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pleasure heals – part 2

In pleasure heals – part 1 I talked about how stress, anxiety, and general suffering isn’t good for us.  Duh!  And, now that science is catching up, we’re learning that pleasure IS.  Also duh!  Your body already knows this, but your mind has probably soaked in all kinds of lies about pleasure, so let me tell your mind a new story.  Pleasure can reduce our risk of heart attacks, as well as our heart rate and blood pressure.  It boosts our immune system, lengthens our lifespans and helps us think and perform far more creatively and efficiently.  It makes us happier, healthier people.

Finding Our Way Back to Pleasure

I mentioned in part 1 that, when we use things like drugs, media, or even sex to distract ourselves from our misery, this is not authentic pleasure.  Why?  Because, while we might feel good for a moment, we feel like shit later.  It might be because we’ve dumped a bunch of toxins into our bodies, or because we don’t really feel good about what we’re doing.  Either way, our physical and emotional bodies take a beating.

So what might authentic pleasure look like?  I could refer you to all kinds of resources here – books like What Happy People Know and The Pleasure Prescription , or the documentary Happy (speaking of streaming videos on Netflix!).  But deep down, you already know what makes you feel good.  Here are some of the things neuroscience and positive psychology have begun to find:

  • things that are pleasurable to your senses (sight, sound, smell, taste, touch)
  • connection with other people
  • self-realization or self-expression
  • doing things in line with your core values
  • being kind or helpful to others
  • feeling grateful for what you have

Some of this might surprise you, like WHAT?!  Acting in line with my core values is fucking pleasurable?  Helping other people is pleasurable?!  Yep, it’s true, and the implications are far bigger than what I can cover in one blog post.  Your body knows what’s deeply true for you and responds, even if you try to suppress it or rationalize differently.  As one of my mentors often says: in a fight between the mind and the body, the body wins every time.

So let’s start simple and try that first one on for size: pleasing the senses.

I invite you to stare at the photo below for a minute or two.  That’s right, just look at it!  Or if you find you don’t like it, look at another photo that you do like.  Just breathe and take it in – the lines, the colours, the shapes and textures…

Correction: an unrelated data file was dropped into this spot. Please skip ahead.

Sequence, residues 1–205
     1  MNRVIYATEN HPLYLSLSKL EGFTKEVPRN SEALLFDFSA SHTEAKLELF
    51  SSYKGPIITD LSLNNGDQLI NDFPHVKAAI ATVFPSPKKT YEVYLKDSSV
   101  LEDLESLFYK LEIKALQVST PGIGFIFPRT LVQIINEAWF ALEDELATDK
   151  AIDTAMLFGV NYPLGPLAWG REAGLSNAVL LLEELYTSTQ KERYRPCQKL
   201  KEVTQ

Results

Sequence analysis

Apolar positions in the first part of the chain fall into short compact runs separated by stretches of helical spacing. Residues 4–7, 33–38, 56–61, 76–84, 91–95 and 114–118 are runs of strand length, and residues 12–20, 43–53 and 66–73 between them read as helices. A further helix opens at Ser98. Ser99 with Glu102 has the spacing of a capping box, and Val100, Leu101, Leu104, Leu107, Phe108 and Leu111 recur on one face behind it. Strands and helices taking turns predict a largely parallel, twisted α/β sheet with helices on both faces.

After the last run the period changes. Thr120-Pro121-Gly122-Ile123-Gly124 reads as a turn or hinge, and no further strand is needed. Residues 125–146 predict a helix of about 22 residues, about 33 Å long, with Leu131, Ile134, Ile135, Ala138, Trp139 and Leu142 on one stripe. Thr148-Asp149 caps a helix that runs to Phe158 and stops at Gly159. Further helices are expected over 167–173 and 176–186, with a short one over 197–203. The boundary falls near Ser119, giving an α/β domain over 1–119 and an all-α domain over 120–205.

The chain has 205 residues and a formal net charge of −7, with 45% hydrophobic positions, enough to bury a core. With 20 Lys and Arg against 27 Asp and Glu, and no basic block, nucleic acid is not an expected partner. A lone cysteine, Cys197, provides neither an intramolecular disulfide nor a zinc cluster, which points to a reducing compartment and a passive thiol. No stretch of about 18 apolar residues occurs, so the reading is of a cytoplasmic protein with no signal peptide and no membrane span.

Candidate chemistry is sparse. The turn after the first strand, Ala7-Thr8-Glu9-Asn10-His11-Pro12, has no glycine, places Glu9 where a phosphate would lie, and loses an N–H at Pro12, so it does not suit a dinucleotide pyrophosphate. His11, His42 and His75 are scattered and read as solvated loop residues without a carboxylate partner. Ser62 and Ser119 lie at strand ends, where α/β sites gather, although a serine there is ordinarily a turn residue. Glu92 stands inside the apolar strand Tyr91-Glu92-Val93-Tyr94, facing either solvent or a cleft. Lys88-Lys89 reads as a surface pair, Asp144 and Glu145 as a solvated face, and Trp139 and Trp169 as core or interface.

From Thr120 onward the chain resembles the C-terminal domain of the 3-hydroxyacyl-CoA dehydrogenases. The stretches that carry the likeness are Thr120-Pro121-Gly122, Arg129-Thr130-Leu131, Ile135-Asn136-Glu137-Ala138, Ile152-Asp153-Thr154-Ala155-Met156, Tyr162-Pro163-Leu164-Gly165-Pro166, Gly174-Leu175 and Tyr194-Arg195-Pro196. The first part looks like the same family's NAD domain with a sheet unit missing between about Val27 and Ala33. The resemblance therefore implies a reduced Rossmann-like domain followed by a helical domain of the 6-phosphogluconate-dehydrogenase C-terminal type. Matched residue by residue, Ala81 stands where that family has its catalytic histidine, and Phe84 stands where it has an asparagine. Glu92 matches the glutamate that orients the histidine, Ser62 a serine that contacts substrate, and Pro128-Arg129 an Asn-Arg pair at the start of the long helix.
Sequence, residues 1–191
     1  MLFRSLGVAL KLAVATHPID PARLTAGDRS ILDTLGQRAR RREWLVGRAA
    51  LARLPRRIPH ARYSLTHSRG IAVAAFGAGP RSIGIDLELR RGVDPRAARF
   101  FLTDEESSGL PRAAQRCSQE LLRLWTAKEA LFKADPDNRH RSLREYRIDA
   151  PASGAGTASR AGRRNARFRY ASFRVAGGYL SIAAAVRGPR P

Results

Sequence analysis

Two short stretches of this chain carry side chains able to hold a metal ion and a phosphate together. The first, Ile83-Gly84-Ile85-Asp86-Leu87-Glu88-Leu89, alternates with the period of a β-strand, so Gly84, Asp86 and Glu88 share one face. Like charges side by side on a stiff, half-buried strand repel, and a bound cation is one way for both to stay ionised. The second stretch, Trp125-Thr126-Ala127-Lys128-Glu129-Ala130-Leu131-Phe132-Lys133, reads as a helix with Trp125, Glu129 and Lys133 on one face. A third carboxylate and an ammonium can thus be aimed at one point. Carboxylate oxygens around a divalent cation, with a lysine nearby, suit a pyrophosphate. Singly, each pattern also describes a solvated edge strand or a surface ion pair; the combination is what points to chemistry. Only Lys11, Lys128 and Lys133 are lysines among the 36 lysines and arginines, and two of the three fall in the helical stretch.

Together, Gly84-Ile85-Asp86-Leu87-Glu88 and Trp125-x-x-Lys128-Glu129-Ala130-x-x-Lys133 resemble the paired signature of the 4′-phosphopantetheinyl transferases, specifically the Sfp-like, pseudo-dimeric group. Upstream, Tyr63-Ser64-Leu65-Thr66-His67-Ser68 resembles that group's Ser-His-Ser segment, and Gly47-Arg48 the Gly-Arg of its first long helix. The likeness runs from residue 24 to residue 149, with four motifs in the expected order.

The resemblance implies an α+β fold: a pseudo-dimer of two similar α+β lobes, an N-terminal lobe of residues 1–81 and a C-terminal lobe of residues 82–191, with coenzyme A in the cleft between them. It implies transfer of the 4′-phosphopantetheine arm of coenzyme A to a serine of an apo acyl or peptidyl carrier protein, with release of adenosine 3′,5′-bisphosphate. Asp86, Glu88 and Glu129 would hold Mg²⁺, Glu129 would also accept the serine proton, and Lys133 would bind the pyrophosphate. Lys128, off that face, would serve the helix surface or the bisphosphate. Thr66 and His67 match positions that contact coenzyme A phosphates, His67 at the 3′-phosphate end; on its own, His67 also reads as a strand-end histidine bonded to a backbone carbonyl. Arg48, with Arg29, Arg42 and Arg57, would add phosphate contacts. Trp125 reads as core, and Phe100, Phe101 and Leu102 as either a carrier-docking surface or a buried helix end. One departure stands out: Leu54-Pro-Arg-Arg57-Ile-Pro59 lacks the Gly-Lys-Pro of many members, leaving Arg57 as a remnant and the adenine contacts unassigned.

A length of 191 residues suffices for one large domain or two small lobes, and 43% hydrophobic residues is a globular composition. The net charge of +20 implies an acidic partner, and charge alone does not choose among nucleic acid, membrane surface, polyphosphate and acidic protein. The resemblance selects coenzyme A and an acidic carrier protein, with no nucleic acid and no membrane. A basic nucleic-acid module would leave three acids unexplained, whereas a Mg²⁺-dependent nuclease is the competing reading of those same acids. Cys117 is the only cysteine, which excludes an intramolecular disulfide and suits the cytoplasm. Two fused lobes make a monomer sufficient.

CC Image Courtesy of thephotographymuse on Flickr

 What do you notice happening in your body?

Here are some of the things I notice in mine:  my jaw noticeably relaxes, my brow unfurrows and I start to smile.  My breathing deepens, my shoulders drop and my heart rate slows down.  A warm glow begins to suffuse my whole body – all from looking at a picture.

The truth is, pleasure is everywhere.  I can find pleasure in doing the dishes, if I let myself – feeling the sensation of the warm, soapy water on my hands, enjoying doing my part in the household, knowing that it’s helping out the other people that live here.  When my partner stops me in the morning to give me a hug, I can pause and take it in, feeling grateful for their presence in my life and letting them affection and the sensation of their arms around me calm my nerves and suffuse me with pleasure.

Looking at that picture for a few minutes is a small taste of how healing pleasure can be.  As primates (it’s true, humans didn’t ascend out of the animal realm) we are especially wired for social and physical contact.  The conscious giving and receiving of touch –  whether sexual or affectionate – can have an extraordinary effect on our nervous systems!  And if you look at that list of findings from neuroscience and positive psychology, it begins to make sense.  Pleasing our senses.  Connecting with other people.  Expressing ourselves.  Recognizing our core values.  Doing something nice for someone else.  Feeling grateful.

It’s like we’re hitting the pleasure buttons all at once.

Next time you’re in a pleasure denial loop, remind your nattering mind that pleasure heals.  Forgive yourself for getting caught in the cultural snare of pleasure denial and ask yourself:

What if I could find just a little pleasure in what I’m already doing?

What if I could change something small to bring just a little more pleasure into my life?

You can start by looking at a beautiful picture, taking time to enjoy your next meal, asking someone for a hug.

And if you’re in Seattle this Saturday, maybe I’ll see you at my workshop where we’ll get to practice some of this together: “The Healing Power of Pleasure”, sponsored by the Seattle Sacred Sexuality Discussion Group.